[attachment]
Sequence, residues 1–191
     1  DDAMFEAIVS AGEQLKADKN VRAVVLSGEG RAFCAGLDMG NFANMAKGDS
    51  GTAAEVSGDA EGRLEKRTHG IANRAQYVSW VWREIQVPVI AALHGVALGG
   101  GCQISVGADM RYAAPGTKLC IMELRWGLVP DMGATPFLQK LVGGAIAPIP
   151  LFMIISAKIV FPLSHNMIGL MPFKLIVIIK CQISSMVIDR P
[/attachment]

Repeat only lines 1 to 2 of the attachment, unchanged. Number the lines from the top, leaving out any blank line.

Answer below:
Sequence, residues 1–191
     1  DDAMFEAIVS AGEQLKADKN VRAVVLSGEG RAFCAGLDMG NFANMAKGDS